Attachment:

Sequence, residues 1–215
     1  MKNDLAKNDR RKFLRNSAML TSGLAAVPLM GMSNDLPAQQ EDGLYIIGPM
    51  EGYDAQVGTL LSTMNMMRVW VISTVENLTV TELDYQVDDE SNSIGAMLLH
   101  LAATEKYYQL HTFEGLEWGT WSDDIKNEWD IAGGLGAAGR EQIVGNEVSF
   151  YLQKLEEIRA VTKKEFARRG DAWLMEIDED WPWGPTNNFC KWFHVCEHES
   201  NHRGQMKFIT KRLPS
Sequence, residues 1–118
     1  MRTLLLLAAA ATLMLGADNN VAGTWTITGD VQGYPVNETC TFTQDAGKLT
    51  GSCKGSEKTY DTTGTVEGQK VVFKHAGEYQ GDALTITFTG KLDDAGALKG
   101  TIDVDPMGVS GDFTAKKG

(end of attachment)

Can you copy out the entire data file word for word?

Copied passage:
Sequence, residues 1–215
     1  MKNDLAKNDR RKFLRNSAML TSGLAAVPLM GMSNDLPAQQ EDGLYIIGPM
    51  EGYDAQVGTL LSTMNMMRVW VISTVENLTV TELDYQVDDE SNSIGAMLLH
   101  LAATEKYYQL HTFEGLEWGT WSDDIKNEWD IAGGLGAAGR EQIVGNEVSF
   151  YLQKLEEIRA VTKKEFARRG DAWLMEIDED WPWGPTNNFC KWFHVCEHES
   201  NHRGQMKFIT KRLPS
Sequence, residues 1–118
     1  MRTLLLLAAA ATLMLGADNN VAGTWTITGD VQGYPVNETC TFTQDAGKLT
    51  GSCKGSEKTY DTTGTVEGQK VVFKHAGEYQ GDALTITFTG KLDDAGALKG
   101  TIDVDPMGVS GDFTAKKG